Assistance in sizing a new hot water boiler?

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John Gayewski

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Homeowners can abate asbestos in lowa then it ends up land fills. Asbestos in the 50s and 60s was in everything. Floor and ceiling tile, pipe covering, fire brick, plaster, vermiculite insulation and boiler cement just to mention a few things.
https://www.google.com/url?q=https://humanrights.iowa.gov/sites/default/files/media/Asbestos%20in%20Homes.pdf&sa=U&ved=2ahUKEwicyfOJptTzAhXJZc0KHWluDwYQFnoECAAQAg&usg=AOvVaw0o7lHWS6bmirgc57oiBNnc
Most homes built in the fifties here did not insulate their piping. By the fifties people realized asbestos was dangerous, by the late 70's it was illegal to make many products out of asbestos. Plus the people thought "why would I pay to insulate piping if I'm trying to heat the house?"
 

Dana

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Since you have a heating history on the place, use (wintertime only) gas bills and the nameplate efficiency of the boiler to MEASURE the heat load on the place. It's quicker and more accurate than doing a full Manual-J based on guesswork about construction, insulation, air leakage, etc. A (relatively) quick method for running those numbers lives here. Oversizing by no more than 1.4x will be enough to cover Polar Vortex disturbance cold snaps, yet still run at an efficient and comfortable high duty cycle at normal winter temps.

With cast iron boilers you really need to get a better handle on the radiation, and with oversized bulky cast iron rads there is a high risk of destroying a right-sized cast iron with return water too cool, causing corrosive condensation on the heat exchanger plates. But right-sizing a modulating condensing boiler turns that risk created by excessive radiation into a reward, in both lower fuel use and higher comfort if you take the time to dial in the outdoor reset curve. Your system has enough thermal mass in the radiation on each zone that it won't short-cycle even if oversized, but right sizing it will still produce marginally higher comfort, if not higher efficiency.

In many cases it will be CHEAPER to install a right sized modulating condensing boiler than a right-sized cast iron boiler, due to the cheaper venting materials, and not having to design & build protections against low return water temps.
 

John Gayewski

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Since you have a heating history on the place, use (wintertime only) gas bills and the nameplate efficiency of the boiler to MEASURE the heat load on the place. It's quicker and more accurate than doing a full Manual-J based on guesswork about construction, insulation, air leakage, etc. A (relatively) quick method for running those numbers lives here. Oversizing by no more than 1.4x will be enough to cover Polar Vortex disturbance cold snaps, yet still run at an efficient and comfortable high duty cycle at normal winter temps.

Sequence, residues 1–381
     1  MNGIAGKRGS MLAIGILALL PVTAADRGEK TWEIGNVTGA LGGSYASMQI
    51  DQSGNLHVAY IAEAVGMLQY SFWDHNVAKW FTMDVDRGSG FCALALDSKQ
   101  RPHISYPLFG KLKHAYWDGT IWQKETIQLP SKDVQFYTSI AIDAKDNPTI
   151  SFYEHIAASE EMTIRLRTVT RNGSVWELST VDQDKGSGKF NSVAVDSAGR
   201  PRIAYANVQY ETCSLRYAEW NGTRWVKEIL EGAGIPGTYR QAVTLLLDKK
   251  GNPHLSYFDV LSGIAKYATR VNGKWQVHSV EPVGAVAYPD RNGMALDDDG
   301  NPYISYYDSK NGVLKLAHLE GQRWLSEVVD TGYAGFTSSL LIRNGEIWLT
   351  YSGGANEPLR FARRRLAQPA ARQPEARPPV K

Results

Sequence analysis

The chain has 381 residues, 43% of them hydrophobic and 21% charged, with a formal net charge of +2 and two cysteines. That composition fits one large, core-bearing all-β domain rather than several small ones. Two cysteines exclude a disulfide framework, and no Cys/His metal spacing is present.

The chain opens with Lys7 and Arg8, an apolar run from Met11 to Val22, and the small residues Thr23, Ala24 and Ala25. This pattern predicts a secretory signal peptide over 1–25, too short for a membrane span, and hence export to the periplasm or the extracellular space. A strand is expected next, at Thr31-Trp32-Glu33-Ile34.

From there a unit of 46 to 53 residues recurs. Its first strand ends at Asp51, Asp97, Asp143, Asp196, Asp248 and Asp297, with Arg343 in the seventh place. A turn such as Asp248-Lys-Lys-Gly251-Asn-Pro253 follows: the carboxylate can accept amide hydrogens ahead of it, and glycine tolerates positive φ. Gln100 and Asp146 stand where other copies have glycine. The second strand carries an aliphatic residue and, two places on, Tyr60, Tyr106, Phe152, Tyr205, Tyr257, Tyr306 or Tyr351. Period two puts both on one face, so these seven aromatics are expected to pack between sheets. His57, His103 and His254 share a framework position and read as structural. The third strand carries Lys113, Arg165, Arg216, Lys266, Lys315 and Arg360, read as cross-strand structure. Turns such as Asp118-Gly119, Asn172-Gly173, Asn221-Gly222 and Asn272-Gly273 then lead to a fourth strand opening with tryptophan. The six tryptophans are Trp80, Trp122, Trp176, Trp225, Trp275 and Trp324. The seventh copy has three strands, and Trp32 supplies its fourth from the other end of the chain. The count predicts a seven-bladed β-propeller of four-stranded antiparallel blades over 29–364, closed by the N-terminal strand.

With cast iron boilers you really need to get a better handle on the radiation, and with oversized bulky cast iron rads there is a high risk of destroying a right-sized cast iron with return water too cool, causing corrosive condensation on the heat exchanger plates. But right-sizing a modulating condensing boiler turns that risk created by excessive radiation into a reward, in both lower fuel use and higher comfort if you take the time to dial in the outdoor reset curve. Your system has enough thermal mass in the radiation on each zone that it won't short-cycle even if oversized, but right sizing it will still produce marginally higher comfort, if not higher efficiency.

In many cases it will be CHEAPER to install a right sized modulating condensing boiler than a right-sized cast iron boiler, due to the cheaper venting materials, and not having to design & build protections against low return water temps.
Too much of a re-pipe job. Changing out boiler for boiler is easier than changing out boiler for totally new design. Not to mention the short lifespan and complexity that leads to issues with mod con boilers. The venting is done.
 
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Dana

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Too much of a re-pipe job. Changing out boiler for boiler is easier than changing out boiler for totally new design. Not to mention the short lifespan and complexity that leads to issues with mod con boilers. The venting is done.

The venting may or may not be done, even if moving from a 75-80% boiler to a mid-efficiency boiler of the same burner size.

The venting would in many or most cases NOT be done if downsizing the cast iron boiler for a better fit to the actual load, and would need a right-sized flue liner to improve stack velocity in order to reduce risk of backdrafting &/or flue condensation.
 

John Gayewski

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The venting may or may not be done, even if moving from a 75-80% boiler to a mid-efficiency boiler of the same burner size.

The venting would in many or most cases NOT be done if downsizing the cast iron boiler for a better fit to the actual load, and would need a right-sized flue liner to improve stack velocity in order to reduce risk of backdrafting &/or flue condensation.
Real life. If there's a vant there (which there is) the homeowner won't want to pay for a new one unless totally necessary. Generally it's not done.
 
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